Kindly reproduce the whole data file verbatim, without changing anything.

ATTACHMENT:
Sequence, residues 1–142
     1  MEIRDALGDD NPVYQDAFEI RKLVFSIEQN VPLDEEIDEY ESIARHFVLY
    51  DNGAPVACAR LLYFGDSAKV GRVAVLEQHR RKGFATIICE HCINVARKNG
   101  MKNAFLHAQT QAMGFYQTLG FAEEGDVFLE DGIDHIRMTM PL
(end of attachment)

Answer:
Sequence, residues 1–142
     1  MEIRDALGDD NPVYQDAFEI RKLVFSIEQN VPLDEEIDEY ESIARHFVLY
    51  DNGAPVACAR LLYFGDSAKV GRVAVLEQHR RKGFATIICE HCINVARKNG
   101  MKNAFLHAQT QAMGFYQTLG FAEEGDVFLE DGIDHIRMTM PL